Between the 929, the 718, the 646, and nearly a half a dozen more, New York City is a thicket of area codes. They abut, interlock, and overlap to the general confusion of callers and caller ID interpreters. But New Yorkers of a certain age will remember the halcyon days when one area code — the good ol’ 212 — spanned the five boroughs. Today, a number beginning in 212 is seen as a badge of honor and a certificate of “old New York” authenticity. But just what is the origin of these humble digits and what precipitated the balkanization of the Big Apple’s phone lines?

Perhaps unsurprisingly, the genesis of the 212 — and area codes altogether, actually — lies with a familiar name: AT&T. In 1947, the telecom giant and a conglomerate lead by Bell Telephone divvied up the United States and Canada into 86 original area codes, including the 212. The move set the stage for phone calling as we know it today, ushering in what’s known as direct distance dialing in favor of the old, operator-connected system.

The North American Numbering Plan (NANP) actually followed a certain logic. No area code could begin with 0 or 1 for fear of confusing switching equipment prone to ignoring leading 1’s and interpreting 0’s as operator requests. However, the second digit of each of the original 86 area codes was one of those two digits, with 0’s marking codes that covered entire states or provinces and 1’s for those holding down regions within a larger entity.

That was all well and good until the mid-1980’s, when New York’s population began to outstrip the reservoir of available phone numbers. So despite the protestations of some residents and local lawmakers, the New York Public Service Commission handed down a new area code to Brooklyn, Queens, and Staten Island effective September 1st, 1984. Newly-minted residents of the 718 had a short grace period during which both codes could be dialed, but by 1985, the 212 was the exclusive pride of the Bronx and Manhattan.

A New York Times headline from August 31st, 1984 sums up the general ambivalence towards the change: “LIKE IT OR NOT, CITY GETS 2D AREA CODE TODAY.” The Newspaper of Record goes on to say that “the impending change has brought confusion and anger” to bridge-and-tunnel communities and “confirmed yet again some ancient and deep-seated strains of outer-borough paranoia.”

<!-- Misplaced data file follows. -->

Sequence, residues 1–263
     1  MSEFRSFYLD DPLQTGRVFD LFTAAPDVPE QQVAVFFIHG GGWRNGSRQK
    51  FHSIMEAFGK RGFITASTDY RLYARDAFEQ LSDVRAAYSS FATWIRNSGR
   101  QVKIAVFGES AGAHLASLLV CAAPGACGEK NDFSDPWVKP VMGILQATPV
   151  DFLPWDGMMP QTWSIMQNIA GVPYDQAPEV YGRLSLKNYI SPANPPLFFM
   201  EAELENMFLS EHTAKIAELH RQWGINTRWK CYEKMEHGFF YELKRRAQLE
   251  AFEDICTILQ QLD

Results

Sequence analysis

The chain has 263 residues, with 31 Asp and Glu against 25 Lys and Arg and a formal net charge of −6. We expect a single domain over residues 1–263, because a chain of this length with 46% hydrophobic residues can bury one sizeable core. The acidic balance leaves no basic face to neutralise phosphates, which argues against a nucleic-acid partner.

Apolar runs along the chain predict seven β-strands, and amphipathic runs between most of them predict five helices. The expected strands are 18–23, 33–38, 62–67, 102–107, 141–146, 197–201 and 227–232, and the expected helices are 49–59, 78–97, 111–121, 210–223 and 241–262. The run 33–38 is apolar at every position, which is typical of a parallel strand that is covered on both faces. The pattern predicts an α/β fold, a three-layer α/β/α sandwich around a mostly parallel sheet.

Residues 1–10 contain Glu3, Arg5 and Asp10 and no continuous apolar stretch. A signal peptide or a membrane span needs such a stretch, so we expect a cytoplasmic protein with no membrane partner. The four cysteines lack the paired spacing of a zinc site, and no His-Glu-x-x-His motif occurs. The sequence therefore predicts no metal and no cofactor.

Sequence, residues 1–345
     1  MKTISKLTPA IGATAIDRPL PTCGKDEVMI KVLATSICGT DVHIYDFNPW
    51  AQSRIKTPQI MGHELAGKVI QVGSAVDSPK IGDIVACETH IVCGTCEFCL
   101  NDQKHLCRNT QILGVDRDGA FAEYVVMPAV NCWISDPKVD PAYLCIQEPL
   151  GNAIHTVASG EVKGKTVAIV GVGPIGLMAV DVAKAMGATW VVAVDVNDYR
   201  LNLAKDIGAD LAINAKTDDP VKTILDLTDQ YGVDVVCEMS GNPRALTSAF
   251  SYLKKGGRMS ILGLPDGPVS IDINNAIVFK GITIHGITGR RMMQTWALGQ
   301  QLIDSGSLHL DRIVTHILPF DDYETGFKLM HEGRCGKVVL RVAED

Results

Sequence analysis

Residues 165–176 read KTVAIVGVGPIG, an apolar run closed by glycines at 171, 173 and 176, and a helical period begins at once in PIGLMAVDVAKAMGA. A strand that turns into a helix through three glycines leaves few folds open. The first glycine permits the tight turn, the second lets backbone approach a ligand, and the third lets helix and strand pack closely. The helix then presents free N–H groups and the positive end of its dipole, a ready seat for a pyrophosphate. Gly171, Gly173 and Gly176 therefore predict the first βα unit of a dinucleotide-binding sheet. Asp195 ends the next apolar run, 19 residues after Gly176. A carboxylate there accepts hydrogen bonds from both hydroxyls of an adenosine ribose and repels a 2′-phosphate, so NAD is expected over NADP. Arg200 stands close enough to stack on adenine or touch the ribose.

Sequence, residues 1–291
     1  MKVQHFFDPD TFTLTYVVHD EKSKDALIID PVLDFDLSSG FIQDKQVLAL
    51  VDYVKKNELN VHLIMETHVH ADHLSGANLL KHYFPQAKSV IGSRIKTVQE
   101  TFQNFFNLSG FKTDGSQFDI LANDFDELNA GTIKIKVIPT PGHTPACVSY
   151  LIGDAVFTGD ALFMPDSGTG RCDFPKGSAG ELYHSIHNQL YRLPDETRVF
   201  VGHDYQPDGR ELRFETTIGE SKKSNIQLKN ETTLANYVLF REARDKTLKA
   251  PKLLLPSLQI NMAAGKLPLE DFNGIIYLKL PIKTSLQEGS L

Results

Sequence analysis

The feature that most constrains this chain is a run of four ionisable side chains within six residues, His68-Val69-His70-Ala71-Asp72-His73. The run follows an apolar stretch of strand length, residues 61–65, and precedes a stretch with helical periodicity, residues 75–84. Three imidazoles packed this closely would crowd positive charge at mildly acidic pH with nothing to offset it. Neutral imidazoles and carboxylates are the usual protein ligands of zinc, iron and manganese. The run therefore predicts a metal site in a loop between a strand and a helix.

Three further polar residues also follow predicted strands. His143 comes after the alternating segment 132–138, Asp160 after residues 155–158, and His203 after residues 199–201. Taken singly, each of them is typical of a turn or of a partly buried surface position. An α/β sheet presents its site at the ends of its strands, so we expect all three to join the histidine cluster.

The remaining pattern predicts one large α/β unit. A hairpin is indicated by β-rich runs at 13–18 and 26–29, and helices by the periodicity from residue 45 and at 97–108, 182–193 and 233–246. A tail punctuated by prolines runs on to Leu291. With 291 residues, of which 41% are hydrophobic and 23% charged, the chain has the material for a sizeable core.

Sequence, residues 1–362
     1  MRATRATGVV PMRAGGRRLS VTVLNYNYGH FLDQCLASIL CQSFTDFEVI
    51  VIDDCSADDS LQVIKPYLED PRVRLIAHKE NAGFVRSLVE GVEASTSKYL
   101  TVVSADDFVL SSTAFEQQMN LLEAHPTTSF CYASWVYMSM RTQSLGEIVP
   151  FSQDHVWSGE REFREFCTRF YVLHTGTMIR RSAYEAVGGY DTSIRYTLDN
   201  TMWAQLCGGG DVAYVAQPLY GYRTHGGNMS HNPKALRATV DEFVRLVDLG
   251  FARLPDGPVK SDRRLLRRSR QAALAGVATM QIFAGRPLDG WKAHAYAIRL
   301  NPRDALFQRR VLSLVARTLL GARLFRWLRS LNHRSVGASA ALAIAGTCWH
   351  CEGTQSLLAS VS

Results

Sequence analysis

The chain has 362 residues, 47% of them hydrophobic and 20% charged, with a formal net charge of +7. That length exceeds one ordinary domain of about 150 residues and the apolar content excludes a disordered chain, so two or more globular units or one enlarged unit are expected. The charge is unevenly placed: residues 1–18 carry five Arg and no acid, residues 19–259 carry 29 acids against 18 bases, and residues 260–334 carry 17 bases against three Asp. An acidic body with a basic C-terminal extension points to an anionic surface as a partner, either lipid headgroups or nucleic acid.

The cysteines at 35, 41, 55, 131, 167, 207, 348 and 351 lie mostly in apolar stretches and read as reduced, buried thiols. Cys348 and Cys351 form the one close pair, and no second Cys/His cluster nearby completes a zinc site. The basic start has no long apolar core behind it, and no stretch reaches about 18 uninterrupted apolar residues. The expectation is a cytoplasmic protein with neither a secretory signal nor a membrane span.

The Times article also includes a city councilwoman’s suspicion that the Bronx, too, would soon be shunted into the pool of “unfashionable” secondary codes. A prophetic suspicion, it turned out, as the Bronx was annexed to 718 territory in 1992.

Old dial phones made “212” an obvious choice for an area code. “The higher the number, the longer it took for the phone to register what number was being dialed, so the logical way to assign codes was to give the lowest numbers to the most-used numbers,” Untapped Cities reader Jay Klotz explains. “Since New York was the largest city with the most people and businesses, it got the lowest possible number, 212 (five clicks of the dial). The next two cities, Chicago and Los Angeles, got the next lowest possible numbers, 312 and 213, respectively (six clicks of the dial).”

In the interim years, the city has been further partitioned and overlaid with more codes as demand for cell service joined that of traditional land lines. And with each added area code, the prestige of the 212 reaches new heights, its OG status burnished by every latecomer. And keep coming they will; even though each new area code effectively doubles the number of available phone numbers, NYC is expected to burn through its available stock sometime this year, according to a recent Times article.

When that happens, yet another new code will be in order. Presumably, that will push going rate for these commodified codes, especially valuable for businesses wanting to connote deep New York roots, even higher than the “$75 to more than $1,000” that the Times reported in 2015. If money can’t buy happiness, at least it can buy you bragging rights in New York City.

Next, check out more from our Cities 101 column and learn about the Great White Fleet of Subway Cars.